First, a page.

14th April, 2019
What a day, what a day - absolutely gorgeous! After an evening of sailing through the Fjords in tranquil waters, we approached Rosendale at 0600 this morning. I was early because it was a tender port and we did not have the support of shore services, so my Tenders had to be top-notch. Tours were popular and we had a lot of enthusiastic guests to get ashore early doors, so our operation had to be slickety-quick.
My young cadet, Rosie, drove into the anchorage this morning, the first time she had taken the ‘Conn’ of a vessel. Anchoring is a good way to start you career in ship handling, although this anchorage was particularly critical. Why? As you probably aware Fjords are rather deep. In most Fjords the depths go from zero to 200 meters within a short distance from the shoreline. What we have to allow for, when anchoring, is the ships swinging circle, as the ship swings around its anchor. As you can understand, the more anchor cable you have out, the larger the swinging circle, needless to say, it’s never less than 350 meters because the ship is already 200 meters long. Thus anchoring in Fjords is a rare opportunity.
Anchoring a ship like the Saga Sapphire has a depth limit and my ‘limit’ is about 70 meters of water. Any deeper than that and we won’t have enough anchor cable to both reach the seabed and be long enough on the seabed to hold the ship. Whilst the anchor is key in holding the ship, the greater ‘holding’ power comes from the anchor cable embedded into the seabed. At Rosendale there is a small ‘shelf’ on which you can anchor - but the anchor, allowing for a 380 meters swinging circle, sits right on the edge of that shelf. Fifty meters the wrong way and your anchor will slide down into the deep! It was a good learning experience for Rosie and she did extremely well, benefitting hugely from the experience.
Being anchored for 0630, nice and early, gave the team ample time to be fully ready for our first tours where we had to have 140 ashore by 0900 and what a day. Glass-like Fjord waters, blue skies and stunning scenery. We were not alone this morning, the square-rigger Statsraad Lehmkuhl was close by. I do love to see these square-riggers in their full glory. This one was built, in 1914, as a German merchant training ship and named “GrossHerzog Friedrish August,, I find Saga Sapphire so much easier! She carries 22 sails with a sail area of 2026 square meters, that’s a lot of sail cloth!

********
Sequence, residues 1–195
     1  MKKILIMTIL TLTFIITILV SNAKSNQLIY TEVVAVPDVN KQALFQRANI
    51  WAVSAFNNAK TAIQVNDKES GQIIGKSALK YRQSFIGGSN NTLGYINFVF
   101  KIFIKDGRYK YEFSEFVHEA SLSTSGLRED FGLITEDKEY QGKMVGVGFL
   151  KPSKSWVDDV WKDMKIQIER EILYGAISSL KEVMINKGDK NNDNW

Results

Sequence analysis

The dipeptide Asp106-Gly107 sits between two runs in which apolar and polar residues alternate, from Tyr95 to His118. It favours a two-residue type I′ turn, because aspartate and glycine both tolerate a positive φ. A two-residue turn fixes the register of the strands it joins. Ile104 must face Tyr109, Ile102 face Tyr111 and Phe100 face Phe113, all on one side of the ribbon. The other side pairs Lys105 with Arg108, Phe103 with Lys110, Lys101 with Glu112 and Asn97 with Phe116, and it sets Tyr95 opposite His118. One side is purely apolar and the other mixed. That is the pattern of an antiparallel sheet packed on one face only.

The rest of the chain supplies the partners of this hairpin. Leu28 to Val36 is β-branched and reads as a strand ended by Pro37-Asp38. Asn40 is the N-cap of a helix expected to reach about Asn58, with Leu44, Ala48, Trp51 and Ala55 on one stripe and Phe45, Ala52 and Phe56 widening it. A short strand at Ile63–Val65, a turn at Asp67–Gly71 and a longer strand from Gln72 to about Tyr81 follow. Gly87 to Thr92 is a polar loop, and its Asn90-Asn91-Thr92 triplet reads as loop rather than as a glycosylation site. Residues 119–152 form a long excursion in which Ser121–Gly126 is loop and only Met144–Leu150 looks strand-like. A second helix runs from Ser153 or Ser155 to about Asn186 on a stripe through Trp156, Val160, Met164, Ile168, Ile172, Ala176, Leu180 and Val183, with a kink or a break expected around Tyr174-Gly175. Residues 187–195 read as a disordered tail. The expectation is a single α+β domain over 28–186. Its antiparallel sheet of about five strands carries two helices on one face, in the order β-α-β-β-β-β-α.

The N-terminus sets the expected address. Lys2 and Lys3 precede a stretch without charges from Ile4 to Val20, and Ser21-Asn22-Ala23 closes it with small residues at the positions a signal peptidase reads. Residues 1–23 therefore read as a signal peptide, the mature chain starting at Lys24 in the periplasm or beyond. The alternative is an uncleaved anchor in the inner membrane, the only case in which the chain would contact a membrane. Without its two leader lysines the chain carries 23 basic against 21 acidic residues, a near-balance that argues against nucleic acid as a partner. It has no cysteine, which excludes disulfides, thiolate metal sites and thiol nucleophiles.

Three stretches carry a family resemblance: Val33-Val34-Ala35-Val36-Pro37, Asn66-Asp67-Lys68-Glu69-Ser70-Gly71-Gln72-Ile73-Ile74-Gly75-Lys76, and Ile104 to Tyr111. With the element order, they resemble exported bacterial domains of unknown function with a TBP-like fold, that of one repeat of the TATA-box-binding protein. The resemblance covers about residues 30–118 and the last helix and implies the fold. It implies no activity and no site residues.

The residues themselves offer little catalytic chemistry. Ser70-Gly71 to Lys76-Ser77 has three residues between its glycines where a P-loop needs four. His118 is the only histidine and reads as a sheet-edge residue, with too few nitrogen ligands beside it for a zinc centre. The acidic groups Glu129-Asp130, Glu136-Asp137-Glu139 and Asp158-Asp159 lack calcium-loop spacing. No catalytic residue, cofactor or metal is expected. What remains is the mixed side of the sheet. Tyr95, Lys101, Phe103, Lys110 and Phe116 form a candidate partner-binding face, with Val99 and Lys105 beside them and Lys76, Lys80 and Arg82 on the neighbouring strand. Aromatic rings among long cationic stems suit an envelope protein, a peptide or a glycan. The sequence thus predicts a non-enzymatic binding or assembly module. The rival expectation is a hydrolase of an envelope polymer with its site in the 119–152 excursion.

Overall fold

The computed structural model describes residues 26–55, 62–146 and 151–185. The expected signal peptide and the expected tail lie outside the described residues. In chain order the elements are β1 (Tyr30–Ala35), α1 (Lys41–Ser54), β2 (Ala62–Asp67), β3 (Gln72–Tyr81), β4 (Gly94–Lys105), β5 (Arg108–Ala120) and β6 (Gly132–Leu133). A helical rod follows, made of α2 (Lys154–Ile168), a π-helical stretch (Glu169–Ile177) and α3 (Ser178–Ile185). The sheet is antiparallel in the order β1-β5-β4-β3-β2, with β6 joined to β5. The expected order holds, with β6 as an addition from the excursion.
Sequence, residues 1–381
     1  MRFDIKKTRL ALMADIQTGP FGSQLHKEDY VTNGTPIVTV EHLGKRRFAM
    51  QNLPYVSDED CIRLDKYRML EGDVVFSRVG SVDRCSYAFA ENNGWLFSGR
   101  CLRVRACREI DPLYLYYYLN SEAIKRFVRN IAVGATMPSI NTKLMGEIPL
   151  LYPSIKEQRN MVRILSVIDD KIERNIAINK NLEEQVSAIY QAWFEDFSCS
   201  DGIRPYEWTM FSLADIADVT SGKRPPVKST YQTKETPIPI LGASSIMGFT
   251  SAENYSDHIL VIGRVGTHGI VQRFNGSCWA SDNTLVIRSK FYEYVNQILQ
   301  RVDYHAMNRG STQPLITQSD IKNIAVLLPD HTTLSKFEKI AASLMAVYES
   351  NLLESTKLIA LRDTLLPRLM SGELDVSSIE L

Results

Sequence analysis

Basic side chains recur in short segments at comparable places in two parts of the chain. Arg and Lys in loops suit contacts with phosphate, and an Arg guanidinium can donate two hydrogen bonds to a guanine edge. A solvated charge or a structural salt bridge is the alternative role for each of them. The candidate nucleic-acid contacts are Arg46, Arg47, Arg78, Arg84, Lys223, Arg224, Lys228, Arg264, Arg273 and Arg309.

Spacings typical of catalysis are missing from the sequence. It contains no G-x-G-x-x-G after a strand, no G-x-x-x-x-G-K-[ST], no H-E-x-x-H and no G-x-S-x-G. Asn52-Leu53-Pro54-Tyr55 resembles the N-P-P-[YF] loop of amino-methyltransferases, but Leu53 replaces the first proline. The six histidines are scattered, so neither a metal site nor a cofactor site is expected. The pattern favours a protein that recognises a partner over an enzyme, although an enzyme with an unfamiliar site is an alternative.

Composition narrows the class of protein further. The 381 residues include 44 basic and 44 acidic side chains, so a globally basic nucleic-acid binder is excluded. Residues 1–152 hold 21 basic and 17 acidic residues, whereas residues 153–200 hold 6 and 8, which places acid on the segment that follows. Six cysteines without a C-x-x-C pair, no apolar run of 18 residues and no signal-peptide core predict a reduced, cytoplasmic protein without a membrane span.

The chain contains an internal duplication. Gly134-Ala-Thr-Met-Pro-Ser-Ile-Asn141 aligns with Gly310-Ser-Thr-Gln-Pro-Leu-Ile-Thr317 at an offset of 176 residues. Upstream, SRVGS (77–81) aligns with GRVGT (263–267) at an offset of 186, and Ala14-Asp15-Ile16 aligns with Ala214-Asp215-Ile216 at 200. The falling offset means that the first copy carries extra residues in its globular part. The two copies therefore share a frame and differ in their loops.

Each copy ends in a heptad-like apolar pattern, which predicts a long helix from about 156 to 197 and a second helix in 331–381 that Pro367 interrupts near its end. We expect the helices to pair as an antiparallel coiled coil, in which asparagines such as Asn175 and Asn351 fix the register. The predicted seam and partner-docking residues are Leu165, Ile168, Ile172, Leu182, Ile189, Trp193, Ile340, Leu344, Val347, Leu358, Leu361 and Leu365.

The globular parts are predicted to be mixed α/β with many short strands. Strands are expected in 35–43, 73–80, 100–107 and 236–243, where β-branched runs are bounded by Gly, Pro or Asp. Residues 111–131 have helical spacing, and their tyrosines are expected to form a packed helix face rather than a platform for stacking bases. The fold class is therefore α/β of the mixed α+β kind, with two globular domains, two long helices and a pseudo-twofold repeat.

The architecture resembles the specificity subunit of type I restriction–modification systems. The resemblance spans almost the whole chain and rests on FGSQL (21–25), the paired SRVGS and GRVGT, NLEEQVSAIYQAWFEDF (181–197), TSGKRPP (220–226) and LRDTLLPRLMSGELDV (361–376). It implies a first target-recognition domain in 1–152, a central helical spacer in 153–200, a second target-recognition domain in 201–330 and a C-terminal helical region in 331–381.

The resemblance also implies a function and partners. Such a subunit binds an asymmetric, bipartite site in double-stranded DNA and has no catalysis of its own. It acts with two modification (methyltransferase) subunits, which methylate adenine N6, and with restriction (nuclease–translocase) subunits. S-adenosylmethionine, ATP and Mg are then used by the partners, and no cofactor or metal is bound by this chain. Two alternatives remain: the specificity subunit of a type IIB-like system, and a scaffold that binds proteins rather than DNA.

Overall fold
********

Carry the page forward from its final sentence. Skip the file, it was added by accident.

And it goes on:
Rosendale is a lovely picturesque port of call. It is not a ‘hive’ of activity, especially on a Sunday - but what a place to suck the beauty of life. The feedback from the Guest was absolutely great. So, the day drew to an end. With all our launches guest onboard and launches stowed, it was time to heave up the anchor. With this much cable out, it takes a fir while to bring the anchor home, 36 minutes in fact.
With the anchor aweigh at just before 1800 we made our way, initially retracing our morning passage, before heading out to the North Sea for our run down to the Pilot station for Stavanger. No ‘entertaining’ this evening. It was a long night last night, so I’m off early heading for the Duvet!
Captain Stuart Horne
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